One incredible strength of Facebook Ads is just how much you can do with them. You can target almost any audience in an assortment of placements on and off Facebook and you can do so with a ton of different ad formats. This customization potential is extraordinary.
All these options don’t do much for you, however, if you’re struggling how to get the system to work in your favor. Even skilled marketers sometimes struggle with Facebook Ads because the system can be more than a little complicated.
There are some Facebook advertising tips that you can use to better optimize your campaigns and yield stronger results, no matter what your current objectives are. To help you maximize your ROI, I’m going to go over 9 of my favorite Facebook advertising tips that will work well for most campaigns.
1. Retargeting is Your Best Friend
Retargeting campaigns, on average, have higher conversion rates and lower CPCs. Whether you’re targeting to users who have simply visited a certain page on your website or showing ads of a big sale to high-value customers who purchase regularly, these users already have some sort of connection to your business. That familiarity will make them more willing to click on that ad and see what you have to offer. It will also make them more likely to convert.
Facebook’s retargeting abilities let you target based on two different categories:
- People who are on a list that you’ve uploaded. These lists could be made up of past customers, email subscribers or blog subscribers. This is best used when you want to created targeted, timely offers that are relevant to these specific groups. Think an exclusive sale for “platinum customers,” or a new product that works well with services certain audience members have purchased.
- People who have recently interacted with your business in some way. This could be taking an action on your site, or watching a certain percentage of a video on platform. Now, there’s even an option to retarget people who interacted with your store-in person. These can be set up with offline events.
These custom audience types can be used to show ads to people based on specific actions, similar to triggered autoresponder email campaigns. If someone looks at a product on your site, use dynamic ads to show them the same product three days later and nudge them towards purchasing.
Whatever types of custom audiences and retargeting campaigns you choose to create, just remember to use what you know about that specific audience to your full advantage in creating relevant messaging.
2. Video Is Still Valuable
There’s been a lot of confusion about whether video still mattered in Facebook Ads after the news that Facebook has been drastically inflating video metrics. However, video is still an important tool for Facebook marketing in general, and it’s still important for Facebook Ads, too.
Video, after all, opens up more room for storytelling, and I’m big advocate of using stories to get more results with your ad campaigns. A lot of customers will see more than two lines of ad text and think NOPE, but happily pause to watch a video that takes them 20 seconds to watch. This gives you more space to get your message across and to really have the impact that you were going for.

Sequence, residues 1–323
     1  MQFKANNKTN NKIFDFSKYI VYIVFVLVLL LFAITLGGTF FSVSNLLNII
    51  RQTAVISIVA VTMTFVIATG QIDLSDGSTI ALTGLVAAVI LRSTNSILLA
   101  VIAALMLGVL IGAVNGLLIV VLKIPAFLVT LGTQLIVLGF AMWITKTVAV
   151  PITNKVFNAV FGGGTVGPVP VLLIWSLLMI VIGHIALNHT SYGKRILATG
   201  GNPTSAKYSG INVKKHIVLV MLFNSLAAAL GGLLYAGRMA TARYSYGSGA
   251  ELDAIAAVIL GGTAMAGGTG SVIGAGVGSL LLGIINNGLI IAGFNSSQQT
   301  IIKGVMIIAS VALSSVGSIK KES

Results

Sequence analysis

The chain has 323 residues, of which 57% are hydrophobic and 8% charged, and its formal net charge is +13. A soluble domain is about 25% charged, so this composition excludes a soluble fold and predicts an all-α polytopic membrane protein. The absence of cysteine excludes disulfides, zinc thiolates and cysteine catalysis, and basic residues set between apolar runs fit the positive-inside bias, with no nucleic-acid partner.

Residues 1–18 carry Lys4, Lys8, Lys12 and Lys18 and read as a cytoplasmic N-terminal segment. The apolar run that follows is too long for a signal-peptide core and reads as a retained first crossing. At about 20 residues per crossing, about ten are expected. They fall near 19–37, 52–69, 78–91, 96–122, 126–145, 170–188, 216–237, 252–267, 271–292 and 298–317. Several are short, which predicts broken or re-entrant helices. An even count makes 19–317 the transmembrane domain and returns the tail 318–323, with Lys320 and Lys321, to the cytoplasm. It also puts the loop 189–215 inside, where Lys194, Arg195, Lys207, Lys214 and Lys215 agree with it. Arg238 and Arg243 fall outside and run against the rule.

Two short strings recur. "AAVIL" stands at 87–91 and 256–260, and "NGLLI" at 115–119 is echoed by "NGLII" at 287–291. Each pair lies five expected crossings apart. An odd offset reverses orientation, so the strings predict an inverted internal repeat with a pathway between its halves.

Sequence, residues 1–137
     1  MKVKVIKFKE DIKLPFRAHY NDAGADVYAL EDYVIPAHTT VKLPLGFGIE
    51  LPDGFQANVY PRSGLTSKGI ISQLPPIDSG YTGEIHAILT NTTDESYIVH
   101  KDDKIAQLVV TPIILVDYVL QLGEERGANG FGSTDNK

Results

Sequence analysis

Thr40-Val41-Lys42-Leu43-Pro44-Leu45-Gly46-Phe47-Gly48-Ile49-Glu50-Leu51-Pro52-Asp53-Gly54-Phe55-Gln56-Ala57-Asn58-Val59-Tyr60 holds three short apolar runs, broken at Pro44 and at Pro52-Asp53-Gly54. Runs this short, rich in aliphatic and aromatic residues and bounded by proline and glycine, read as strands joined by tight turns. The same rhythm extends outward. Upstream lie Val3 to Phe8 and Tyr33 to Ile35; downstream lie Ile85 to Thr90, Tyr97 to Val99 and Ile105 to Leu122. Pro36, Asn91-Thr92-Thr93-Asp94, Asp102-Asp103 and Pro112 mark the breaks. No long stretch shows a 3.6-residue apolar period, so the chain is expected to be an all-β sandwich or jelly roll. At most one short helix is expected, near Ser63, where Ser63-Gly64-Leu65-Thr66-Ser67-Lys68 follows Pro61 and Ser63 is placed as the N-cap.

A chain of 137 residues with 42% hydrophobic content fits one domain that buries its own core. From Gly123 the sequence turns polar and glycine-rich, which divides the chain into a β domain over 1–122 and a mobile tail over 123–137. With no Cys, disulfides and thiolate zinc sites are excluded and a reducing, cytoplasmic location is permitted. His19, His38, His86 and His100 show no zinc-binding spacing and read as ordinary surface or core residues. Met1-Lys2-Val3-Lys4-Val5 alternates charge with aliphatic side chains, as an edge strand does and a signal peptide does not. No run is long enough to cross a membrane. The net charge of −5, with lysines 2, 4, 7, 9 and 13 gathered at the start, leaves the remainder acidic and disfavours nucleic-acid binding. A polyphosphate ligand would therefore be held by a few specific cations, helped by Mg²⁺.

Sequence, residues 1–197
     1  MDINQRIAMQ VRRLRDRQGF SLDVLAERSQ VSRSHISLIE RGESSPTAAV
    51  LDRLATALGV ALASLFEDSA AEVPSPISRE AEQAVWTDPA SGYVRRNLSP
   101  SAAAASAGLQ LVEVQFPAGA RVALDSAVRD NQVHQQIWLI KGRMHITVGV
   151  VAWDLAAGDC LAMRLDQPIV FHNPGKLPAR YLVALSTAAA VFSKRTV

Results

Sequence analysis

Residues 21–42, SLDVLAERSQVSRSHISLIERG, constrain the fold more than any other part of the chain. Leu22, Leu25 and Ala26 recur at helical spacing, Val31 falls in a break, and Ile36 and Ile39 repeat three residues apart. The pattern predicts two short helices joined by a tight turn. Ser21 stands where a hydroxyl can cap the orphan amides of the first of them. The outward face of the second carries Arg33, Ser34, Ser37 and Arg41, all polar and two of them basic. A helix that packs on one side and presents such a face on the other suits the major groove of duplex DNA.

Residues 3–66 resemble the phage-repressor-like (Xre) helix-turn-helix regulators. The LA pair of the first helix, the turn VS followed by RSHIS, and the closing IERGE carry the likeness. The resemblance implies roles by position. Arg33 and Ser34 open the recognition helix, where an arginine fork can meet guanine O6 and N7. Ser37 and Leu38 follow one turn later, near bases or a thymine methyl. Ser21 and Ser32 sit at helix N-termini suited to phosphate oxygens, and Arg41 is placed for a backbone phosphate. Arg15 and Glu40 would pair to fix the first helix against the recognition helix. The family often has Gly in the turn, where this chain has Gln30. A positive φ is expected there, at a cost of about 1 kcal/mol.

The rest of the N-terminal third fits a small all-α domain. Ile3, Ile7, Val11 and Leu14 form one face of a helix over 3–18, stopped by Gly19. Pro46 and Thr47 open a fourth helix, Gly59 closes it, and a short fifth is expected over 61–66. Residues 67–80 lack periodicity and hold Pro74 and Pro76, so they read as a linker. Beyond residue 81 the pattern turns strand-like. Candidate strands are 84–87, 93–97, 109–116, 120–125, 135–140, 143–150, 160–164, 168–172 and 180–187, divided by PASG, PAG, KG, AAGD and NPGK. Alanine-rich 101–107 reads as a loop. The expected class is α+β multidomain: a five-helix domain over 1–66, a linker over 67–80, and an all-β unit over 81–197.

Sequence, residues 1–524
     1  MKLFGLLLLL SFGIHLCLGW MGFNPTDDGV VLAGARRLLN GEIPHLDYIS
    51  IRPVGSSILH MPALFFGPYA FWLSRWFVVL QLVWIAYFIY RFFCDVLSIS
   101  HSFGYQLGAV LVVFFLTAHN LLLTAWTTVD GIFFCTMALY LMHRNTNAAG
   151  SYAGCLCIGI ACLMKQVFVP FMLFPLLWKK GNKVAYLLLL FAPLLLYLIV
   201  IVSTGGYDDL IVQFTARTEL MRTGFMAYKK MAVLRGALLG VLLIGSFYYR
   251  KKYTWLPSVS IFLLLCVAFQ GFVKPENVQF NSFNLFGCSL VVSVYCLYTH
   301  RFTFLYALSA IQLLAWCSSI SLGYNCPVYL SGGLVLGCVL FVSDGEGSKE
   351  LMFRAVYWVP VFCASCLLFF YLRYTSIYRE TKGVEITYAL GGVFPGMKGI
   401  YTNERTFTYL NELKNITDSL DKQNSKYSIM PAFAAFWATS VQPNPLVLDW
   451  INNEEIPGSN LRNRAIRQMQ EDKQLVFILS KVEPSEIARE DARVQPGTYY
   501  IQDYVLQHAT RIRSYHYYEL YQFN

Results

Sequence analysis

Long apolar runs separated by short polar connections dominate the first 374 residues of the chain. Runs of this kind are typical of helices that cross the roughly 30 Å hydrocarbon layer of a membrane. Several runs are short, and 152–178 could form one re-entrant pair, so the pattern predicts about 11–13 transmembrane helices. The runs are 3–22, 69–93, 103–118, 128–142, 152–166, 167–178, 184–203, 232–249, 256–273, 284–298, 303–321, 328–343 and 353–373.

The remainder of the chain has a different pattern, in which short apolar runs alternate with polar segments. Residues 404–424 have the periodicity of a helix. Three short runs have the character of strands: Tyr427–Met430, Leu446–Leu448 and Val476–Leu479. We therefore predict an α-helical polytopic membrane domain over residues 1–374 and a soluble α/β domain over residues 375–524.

Turn this Facebook advertising tip into a classic Facebook Ads strategy by setting up a Facebook Ads funnel with video. Run a campaign appealing to new cold traffic or a lookalike audience, showing them a video ad that focuses on brand storytelling. Then create an ad targeting users who had watched at least ten seconds of the video, showing them a lead generation ad and an offer like an eBook, free class, or consultation.
3. Create Multiple Sets of Copy
I’m a copywriter by trade, so I’ve seen firsthand how much a change in copy can transform an ad. Earlier this year, a simple adjustment in copy on a campaign reduced the CPC from $9.40 to under $1.50.
Sometimes, though, even great copywriters aren’t sure exactly what will work. There’s always some amount of throwing noodles at the wall and seeing what sticks, especially early on if you haven’t run extensive copy split tests before.
I recommend creating sets of ad copy, which each include several headlines and several ad texts that work cohesively together. Each of the texts and headlines should be focused on a single message, emotional appeal, or pain point, but they’re written in different language and styles and may highlight different features. Test out bullet points, longer paragraphs, short sentences. You want to keep the basic offer consistent, but highlight it in different ways.
This is the strategy I’ve used with my clients to quickly figure out what works, why, and how to create high-converting content moving forward. Each audience is different, so testing here is so important. You can use Facebook’s split testing feature, pictured above, and choose “creative” as the variable to make this easy.
4. Consider Placements Carefully
You can reach users in a number of different locations on Facebook and off Facebook, including Instagram and the audience network. You can also choose if you want to run ads on desktop placements, mobile placements, or both.
Different placements will impact your campaign differently. Mobile users, for example, might be less likely to purchase than desktop users but more likely to engage. Instagram placements consistently cost more than Facebook across the board, but they also yield higher engagement on average, too. Similarly, on-platform newsfeed ads will perform better than right column ads on Facebook, but the newsfeed ads offer more potential that can lead to higher CTRs.
All placements are enabled automatically, but you can edit this accordingly when creating your ads. Placements can be a big consideration, so you can read over the pros and cons of each here.
5. Keep Relevance High and Frequency Low
There are two metrics that a lot of advertisers ignore that you should pay careful attention to on Facebook Ads: Relevance Score and Frequency.